At least in this retelling, its unclear that this intense emotional intimacy with patients is genuinely best for the patient.
I'm not saying there's any sexual misconduct. In fact, Yalom clearly says that a therapist should never, ever become sexually involved with a patient as it is "a serious betrayal and does great harm to both". He is unequivocal about this and says it is better to even see a prostitute than violate the patient's trust. Nevertheless, putting an outright physical relationship aside, I do feel his methods/remarks as he describes them here, often seem very "seductive" in the broader sense, especially as so many women seek treatment with him for their relationship issues (including loneliness, marital and sexual problems, and low self-esteem).
Its possible that being on first-name basis with a therapist who routinely discloses himself and his personal feelings about you--and who says and shows that he cares about you personally--may be therapeudic. But as recounted in this book it sometimes seems ...a potentially inappropriate pattern with female patients. (I'm also interested that his bi-monthly "leaderless" support group that has met for years consists of 11 psychologists/psychiatrists--ALL of whom are men. Ironic, given his intimate and seductive approach to female patients in therapy, how that "missing" female psychiatrist regularly might be just the right person to offer HIM feedback).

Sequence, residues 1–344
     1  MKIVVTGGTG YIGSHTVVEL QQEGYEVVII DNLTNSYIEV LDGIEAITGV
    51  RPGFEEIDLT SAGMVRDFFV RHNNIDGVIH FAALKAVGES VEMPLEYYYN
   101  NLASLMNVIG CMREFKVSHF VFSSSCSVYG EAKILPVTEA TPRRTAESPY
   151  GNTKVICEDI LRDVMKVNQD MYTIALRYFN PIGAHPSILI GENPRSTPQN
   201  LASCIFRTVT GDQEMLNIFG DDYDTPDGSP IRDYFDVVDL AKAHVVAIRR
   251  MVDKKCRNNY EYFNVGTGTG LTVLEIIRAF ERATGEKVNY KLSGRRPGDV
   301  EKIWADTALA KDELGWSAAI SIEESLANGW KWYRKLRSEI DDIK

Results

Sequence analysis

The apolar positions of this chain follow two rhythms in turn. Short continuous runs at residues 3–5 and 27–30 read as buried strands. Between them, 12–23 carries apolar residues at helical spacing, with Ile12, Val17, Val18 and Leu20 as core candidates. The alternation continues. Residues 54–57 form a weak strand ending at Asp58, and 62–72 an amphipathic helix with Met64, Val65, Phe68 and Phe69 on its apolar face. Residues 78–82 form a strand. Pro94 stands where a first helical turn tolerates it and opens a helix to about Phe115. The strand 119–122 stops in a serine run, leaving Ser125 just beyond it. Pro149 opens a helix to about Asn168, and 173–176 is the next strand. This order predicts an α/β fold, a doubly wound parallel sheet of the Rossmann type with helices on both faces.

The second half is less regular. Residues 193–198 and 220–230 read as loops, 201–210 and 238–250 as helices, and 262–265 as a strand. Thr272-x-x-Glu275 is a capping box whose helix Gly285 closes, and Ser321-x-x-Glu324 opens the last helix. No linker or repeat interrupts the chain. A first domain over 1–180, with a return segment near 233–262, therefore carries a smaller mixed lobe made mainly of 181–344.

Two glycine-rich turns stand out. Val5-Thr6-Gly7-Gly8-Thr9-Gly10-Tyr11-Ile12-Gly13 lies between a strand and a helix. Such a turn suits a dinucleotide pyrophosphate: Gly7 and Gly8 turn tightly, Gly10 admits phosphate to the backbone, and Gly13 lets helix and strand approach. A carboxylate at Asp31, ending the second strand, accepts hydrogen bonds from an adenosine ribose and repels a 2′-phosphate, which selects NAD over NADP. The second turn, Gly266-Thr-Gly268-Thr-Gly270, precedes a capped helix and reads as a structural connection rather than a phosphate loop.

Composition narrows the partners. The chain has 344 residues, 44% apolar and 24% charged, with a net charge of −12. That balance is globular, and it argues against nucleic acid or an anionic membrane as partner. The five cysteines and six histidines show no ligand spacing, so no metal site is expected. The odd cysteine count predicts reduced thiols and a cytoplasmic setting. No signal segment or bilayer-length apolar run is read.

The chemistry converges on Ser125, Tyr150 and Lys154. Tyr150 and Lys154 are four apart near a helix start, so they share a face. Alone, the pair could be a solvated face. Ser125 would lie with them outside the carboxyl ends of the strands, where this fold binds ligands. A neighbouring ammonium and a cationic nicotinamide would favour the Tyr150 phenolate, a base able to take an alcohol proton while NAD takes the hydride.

Yalom does quote a renowned psychotherapist who bluntly questions his methods, saying, "Doesn't the intense personal intimacy you have with patients interfere with their ability to terminate treatment?" A great question, and one that, imo, he should have worrying about a great deal more than he shows here.
Anyway, I liked the idea that an emotionally engaged therapist can help a patient more than a distant one. He tells a good story, the short chapters are a bit brave style-wise and serve the reader well. I liked how he revisited Freud in a positive way, reminding us of the historical context of his insights and achievement.
I recommend this book, but with a discussion group. Otherwise, it leaves too many questions about the advisability of intentionally building relationships of intense intimacy and dependency with patients. Alone, it left me with too many unresolved questions and criticisms. As the focal point of group/class discussion, however, it would be perfect.
Top reviews from other countries
This book, full of brief stories teaching therapeutic interventions, I'd recommend to anyone working in the therapeutic field.